One of the things that came out in my argument with Massimo is that he is a globalist, and I am not. Indeed, in response to my saying that the nation-state is the largest viable political unit, he wrote: “I’ll toast the first world government with you when it will be inaugurated. Drinks on me, since you’ll be miserable. 😉” It was something I had not really thought through in all of its different dimensions before, so I am grateful to Massimo for putting the matter in such stark terms.
Besides being (in my view) the largest viable political units, countries are wonderful for being distinct and distinctive; in some cases embodying the culture and spirit of a people, in others that of some number of peoples, united under a common set of ideas or a shared history. The nations of the world are a remarkable expression of human diversity, at the largest scale at which it seems possible to embody it. Whether in terms of language, architecture, dress, cuisine, customs, or manners, to travel from one nation to another is to confront the many and magnificent forms of human life.
I find it strange, then, that the biggest champions of diversity tend also to be those most in favor of globalization. Rather than the distinct and distinctive places, peoples, cultures, cuisines and so forth, which enrich and benefit us in so many ways, the ultimate and inevitable result of globalization is a generic, global fusionism in which the sum is far less than its parts, because the economically and technologically most advanced countries dominate and color the whole. As one who has been traveling abroad since the early 1970’s, I can testify that precisely this sort of homogenization is settling upon what were once far more dissimilar (and consequently, far more interesting) places and which, with every day that passes, seem more and more the same, architecturally, culinarily, and in innumerable other ways. (For a startling impression of this ongoing, terrible development, check out Miroslav Sasek’s “This is…”series, which I read as a young child, and compare its depictions of some of the world’s great cities with your experience of them today.)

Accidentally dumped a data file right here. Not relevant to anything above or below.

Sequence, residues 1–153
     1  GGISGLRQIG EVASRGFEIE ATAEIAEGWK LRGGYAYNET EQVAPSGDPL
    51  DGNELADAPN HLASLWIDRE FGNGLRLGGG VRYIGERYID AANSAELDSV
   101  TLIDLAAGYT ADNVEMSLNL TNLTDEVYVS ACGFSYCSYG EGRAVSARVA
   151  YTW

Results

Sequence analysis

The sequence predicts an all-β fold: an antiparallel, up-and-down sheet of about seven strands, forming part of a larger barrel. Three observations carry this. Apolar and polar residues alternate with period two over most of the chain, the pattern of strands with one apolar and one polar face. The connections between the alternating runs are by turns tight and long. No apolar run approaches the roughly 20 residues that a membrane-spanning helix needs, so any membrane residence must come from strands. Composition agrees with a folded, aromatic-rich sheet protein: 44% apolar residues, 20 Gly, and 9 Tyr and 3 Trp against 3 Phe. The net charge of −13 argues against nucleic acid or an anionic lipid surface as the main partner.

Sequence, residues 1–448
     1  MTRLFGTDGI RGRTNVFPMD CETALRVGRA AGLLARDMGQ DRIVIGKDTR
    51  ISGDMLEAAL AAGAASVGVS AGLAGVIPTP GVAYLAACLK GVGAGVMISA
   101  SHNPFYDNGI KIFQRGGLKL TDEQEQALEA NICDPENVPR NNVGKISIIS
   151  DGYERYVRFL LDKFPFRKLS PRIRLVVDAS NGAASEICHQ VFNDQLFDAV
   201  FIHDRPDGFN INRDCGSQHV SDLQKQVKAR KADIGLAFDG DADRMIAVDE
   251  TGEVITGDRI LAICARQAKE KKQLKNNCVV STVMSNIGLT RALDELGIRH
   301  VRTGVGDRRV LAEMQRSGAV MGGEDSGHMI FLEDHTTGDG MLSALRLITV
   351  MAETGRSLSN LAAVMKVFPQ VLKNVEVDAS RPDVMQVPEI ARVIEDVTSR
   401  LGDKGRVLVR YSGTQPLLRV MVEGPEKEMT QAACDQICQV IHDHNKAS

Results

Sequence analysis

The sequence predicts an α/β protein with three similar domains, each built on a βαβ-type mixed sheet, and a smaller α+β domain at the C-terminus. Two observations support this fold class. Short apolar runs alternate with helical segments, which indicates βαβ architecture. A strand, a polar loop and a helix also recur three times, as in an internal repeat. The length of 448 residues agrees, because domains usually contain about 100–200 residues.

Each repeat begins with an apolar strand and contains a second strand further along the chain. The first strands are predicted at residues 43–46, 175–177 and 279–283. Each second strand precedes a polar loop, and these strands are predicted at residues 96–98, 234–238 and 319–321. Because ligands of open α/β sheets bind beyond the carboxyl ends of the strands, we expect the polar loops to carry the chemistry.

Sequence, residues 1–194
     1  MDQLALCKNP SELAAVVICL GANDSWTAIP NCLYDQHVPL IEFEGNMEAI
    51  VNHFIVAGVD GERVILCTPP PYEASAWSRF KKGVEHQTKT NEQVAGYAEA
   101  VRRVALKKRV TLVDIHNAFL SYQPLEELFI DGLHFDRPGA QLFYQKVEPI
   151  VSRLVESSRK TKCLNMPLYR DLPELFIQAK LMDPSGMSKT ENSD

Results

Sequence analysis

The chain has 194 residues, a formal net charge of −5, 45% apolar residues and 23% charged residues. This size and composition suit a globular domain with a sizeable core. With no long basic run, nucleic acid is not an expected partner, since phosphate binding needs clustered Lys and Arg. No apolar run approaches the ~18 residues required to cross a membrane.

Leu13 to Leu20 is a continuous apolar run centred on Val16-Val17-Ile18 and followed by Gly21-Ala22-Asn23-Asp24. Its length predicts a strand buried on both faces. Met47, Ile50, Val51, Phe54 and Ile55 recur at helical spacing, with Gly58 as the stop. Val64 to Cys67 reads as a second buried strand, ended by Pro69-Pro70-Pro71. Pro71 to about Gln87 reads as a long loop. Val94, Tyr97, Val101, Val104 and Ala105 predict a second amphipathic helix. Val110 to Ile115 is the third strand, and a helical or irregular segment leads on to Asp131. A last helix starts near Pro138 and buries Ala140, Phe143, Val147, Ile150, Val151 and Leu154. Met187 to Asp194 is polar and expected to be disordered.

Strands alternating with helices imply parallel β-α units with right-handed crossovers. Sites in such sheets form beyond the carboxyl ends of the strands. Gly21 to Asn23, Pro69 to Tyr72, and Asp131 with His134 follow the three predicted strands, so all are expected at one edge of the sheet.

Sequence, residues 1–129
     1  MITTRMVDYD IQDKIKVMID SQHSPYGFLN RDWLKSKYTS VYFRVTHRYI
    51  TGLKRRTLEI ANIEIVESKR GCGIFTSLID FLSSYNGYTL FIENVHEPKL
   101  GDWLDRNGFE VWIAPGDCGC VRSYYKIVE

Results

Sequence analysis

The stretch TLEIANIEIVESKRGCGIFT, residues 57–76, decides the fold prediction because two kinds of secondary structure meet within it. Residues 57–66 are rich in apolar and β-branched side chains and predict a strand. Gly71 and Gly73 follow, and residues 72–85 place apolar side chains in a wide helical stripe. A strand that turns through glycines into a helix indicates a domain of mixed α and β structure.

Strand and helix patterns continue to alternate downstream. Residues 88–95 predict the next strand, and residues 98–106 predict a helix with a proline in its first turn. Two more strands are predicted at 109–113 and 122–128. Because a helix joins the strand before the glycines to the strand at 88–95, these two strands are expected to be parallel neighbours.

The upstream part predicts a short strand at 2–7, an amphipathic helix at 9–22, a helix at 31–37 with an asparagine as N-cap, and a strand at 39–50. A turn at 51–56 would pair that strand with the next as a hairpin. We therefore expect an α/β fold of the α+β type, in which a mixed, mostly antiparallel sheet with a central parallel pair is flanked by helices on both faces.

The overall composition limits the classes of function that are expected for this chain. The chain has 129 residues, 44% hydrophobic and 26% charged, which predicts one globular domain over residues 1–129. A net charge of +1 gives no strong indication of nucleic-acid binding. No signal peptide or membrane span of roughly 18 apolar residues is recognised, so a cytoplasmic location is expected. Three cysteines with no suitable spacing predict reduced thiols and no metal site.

There also is the economic cost, the consequences of which are and will continue to be catastrophic. When globalization is combined with (largely unbridled) capitalism, the result is capital chasing labor to its cheapest sources, the result of which has been the de-industrialization of entire regions in many countries (the American Rust Belt, the English Midlands and North, etc.) and the endgame of which is the de-industrialization not of regions but of each and every country as a whole, as the cheapest labor will be that performed by machines. The social and political anger and unrest that this will cause will make the current stirrings of populism look like fun and games and figures such as Donald Trump like Mr. Rogers. People need to be able to work (which is why a “UBI” is little more than a farcical effort at a solution), and it will never be the case that all or even a majority of them will be suited to doing so in information-heavy or super-highly-skilled fields that require advanced education and can be done wherever one is.
(D) I like our Electoral College.